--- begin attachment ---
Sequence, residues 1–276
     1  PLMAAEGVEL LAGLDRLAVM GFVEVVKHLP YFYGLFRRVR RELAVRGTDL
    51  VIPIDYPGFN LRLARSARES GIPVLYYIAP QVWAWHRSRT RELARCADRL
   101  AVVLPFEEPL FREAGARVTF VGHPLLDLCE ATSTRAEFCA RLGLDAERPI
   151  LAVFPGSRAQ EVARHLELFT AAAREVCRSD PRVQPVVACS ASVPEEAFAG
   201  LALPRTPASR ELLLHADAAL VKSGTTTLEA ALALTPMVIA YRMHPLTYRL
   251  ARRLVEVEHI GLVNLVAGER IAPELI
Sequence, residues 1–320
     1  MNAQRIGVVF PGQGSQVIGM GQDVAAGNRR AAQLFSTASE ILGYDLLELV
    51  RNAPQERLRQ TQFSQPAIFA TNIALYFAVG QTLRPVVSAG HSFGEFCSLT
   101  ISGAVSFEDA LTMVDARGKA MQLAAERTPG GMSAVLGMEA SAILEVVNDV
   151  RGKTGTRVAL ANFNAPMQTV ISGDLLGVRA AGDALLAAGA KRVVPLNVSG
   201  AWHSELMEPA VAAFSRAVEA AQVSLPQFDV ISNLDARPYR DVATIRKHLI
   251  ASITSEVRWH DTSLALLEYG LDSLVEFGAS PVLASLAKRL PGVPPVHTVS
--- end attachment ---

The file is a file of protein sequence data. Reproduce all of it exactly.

Sequence, residues 1–276
     1  PLMAAEGVEL LAGLDRLAVM GFVEVVKHLP YFYGLFRRVR RELAVRGTDL
    51  VIPIDYPGFN LRLARSARES GIPVLYYIAP QVWAWHRSRT RELARCADRL
   101  AVVLPFEEPL FREAGARVTF VGHPLLDLCE ATSTRAEFCA RLGLDAERPI
   151  LAVFPGSRAQ EVARHLELFT AAAREVCRSD PRVQPVVACS ASVPEEAFAG
   201  LALPRTPASR ELLLHADAAL VKSGTTTLEA ALALTPMVIA YRMHPLTYRL
   251  ARRLVEVEHI GLVNLVAGER IAPELI
Sequence, residues 1–320
     1  MNAQRIGVVF PGQGSQVIGM GQDVAAGNRR AAQLFSTASE ILGYDLLELV
    51  RNAPQERLRQ TQFSQPAIFA TNIALYFAVG QTLRPVVSAG HSFGEFCSLT
   101  ISGAVSFEDA LTMVDARGKA MQLAAERTPG GMSAVLGMEA SAILEVVNDV
   151  RGKTGTRVAL ANFNAPMQTV ISGDLLGVRA AGDALLAAGA KRVVPLNVSG
   201  AWHSELMEPA VAAFSRAVEA AQVSLPQFDV ISNLDARPYR DVATIRKHLI
   251  ASITSEVRWH DTSLALLEYG LDSLVEFGAS PVLASLAKRL PGVPPVHTVS